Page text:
`Brown Sugar' star is growing

Sanaa Lathan says she has lots to learn

October 15, 2002|By Ron Dicker | Ron Dicker,KNIGHT RIDDER/TRIBUNE

NEW YORK - Sanaa Lathan attended the University of California-Berkeley for her undergraduate degree and Yale Drama School to hone her craft. Neither experience compared to the education she received recently.

Lathan had just returned from Miami, where she finished acting with Denzel Washington in Out of Time.

"It really made me kind of step back and look at how much I have to learn," Lathan said in a Manhattan hotel room. "I did learn so much just by acting opposite him, seeing what he did on each different take. I really got a glimpse of where I can go."

Where she has been isn't bad, either. Lathan, 31, is now appearing as a hip-hop journalist who falls for her neighborhood pal in Brown Sugar, which opened Friday. Her most prominent work before was in Love & Basketball (2000) as a hoops star who wants to go pro with her beloved, played by her real-life boyfriend, Omar Epps. She was also Taye Diggs' girlfriend in The Best Man (1999).

Lathan teamed with Diggs again in Brown Sugar.

"It's just easy with her, and she's my friend," Diggs said. But even the comfort of friendship couldn't make their skin-and-satin love scene easy. "It would be like having your first kiss in a room full of 30 people and having it recorded," Lathan said. "It's not like you practice in your trailer."

Brown Sugar is a valentine to hip-hop, the urban poetry that pulsates to a musical beat. Lathan's character writes about it; Diggs' character produces it. They are lifelong friends pushed to confront their true feelings when Diggs is about to bust a move to the altar with Nicole Ari Parker. Lathan grooves to her own budding romance with a basketball hunk (Boris Kodjoe).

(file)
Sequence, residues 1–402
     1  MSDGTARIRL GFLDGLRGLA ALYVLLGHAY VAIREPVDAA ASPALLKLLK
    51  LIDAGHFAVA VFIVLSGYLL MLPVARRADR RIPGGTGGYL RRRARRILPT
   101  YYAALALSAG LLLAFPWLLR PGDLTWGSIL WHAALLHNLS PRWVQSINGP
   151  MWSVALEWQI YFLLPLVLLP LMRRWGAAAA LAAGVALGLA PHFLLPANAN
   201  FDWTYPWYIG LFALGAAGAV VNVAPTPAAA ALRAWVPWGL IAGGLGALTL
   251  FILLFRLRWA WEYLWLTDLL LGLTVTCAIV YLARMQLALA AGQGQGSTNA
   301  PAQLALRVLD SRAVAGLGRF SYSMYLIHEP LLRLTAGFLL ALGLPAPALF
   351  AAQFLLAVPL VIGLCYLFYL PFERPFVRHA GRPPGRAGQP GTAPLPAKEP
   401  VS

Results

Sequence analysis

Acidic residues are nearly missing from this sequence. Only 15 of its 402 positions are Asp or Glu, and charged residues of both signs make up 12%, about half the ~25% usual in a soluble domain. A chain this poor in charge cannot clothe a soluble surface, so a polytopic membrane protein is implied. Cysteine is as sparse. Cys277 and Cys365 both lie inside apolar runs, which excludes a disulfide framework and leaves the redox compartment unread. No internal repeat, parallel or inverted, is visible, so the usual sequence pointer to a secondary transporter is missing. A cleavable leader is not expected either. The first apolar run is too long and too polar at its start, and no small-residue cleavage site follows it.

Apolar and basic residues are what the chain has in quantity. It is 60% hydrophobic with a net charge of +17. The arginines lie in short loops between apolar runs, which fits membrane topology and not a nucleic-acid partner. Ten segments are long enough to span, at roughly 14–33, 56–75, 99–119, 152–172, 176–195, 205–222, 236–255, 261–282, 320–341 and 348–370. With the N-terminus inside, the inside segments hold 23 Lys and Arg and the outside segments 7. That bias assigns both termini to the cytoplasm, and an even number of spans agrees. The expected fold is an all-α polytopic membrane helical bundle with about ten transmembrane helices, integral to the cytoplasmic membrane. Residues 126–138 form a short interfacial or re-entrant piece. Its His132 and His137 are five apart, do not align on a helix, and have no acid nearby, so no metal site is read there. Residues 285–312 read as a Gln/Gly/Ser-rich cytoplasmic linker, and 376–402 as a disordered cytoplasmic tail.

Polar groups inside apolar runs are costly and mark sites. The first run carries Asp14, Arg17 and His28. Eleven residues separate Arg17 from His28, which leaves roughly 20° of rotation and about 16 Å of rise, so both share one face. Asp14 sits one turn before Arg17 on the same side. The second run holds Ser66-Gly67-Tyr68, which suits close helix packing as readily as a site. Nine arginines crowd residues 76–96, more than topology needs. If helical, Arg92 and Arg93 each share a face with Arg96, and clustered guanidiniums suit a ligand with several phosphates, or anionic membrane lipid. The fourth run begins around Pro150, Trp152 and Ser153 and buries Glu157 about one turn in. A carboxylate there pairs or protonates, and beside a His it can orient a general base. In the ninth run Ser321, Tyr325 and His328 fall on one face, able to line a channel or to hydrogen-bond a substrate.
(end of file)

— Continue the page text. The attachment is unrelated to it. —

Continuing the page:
The classically trained Lathan is not a hip-hop fan, so she researched by hanging out with a music journalist and watching MTV.

"It's just part of the culture," she said. "It's almost everywhere on the periphery of my life. These days they sell laundry detergent with a rap song. It's so ingrained."

Lathan has gone to greater lengths to secure parts. For Love & Basketball, she trained for four months to reasonably imitate an athlete - and she didn't even have the job yet. For Disappearing Acts (2000), she gained 20 pounds.

Despite her commitment, crossover success a la Halle Berry has eluded Lathan.

"[Lathan is] one of our greatest actors, period," Brown Sugar director Rick Famuyiwa said. "She should continue doing what she's doing, not settling for roles to get paid."

Her visibility is growing, however. Lathan said that when people recognize her, they have a habit of staring. Now she breaks the ice by introducing herself. Her mother, Eleanor McCoy, was a dancer on Broadway, and her father, Stan Lathan, worked in television at PBS. Lathan shuttled between New York and Los Angeles once her parents got divorced.

She was an English major at Berkeley, briefly flirting with the idea of becoming a lawyer. Then an official from Yale Drama School came calling, and Lathan's focus changed. She starred in Shakespearean works on campus and soon landed off-Broadway gigs.

Lathan's father encouraged her to relocate for good to Los Angeles to take advantage of film and TV opportunities. It wasn't long before she was LL Cool J's date with one line of dialogue in the sitcom In the House. Film roles came her way in the Wesley Snipes vampire flick Blade and in The Wood, where she met Epps. On that subject, Lathan clams up harder than a Trappist monk.

The conversation warmed up when the subject turned to Out of Time. Lathan has built a steady career in urban movies. Out of Time is her first try at an old-style psychological thriller. Lathan proudly declared that she plays a "temptress who goes wacko." Washington, a two-time Academy Award winner, is a married cop who's having an affair with Lathan.

Out of Time not only gave her a chance to perform opposite a master, but it completed the roller coaster she rode on her last three scripts.

"With Love & Basketball, I was crying," she said. "Brown Sugar gave me a big smile. Out of Time, I got scared. But sometimes you need to do the thing you're scared about."

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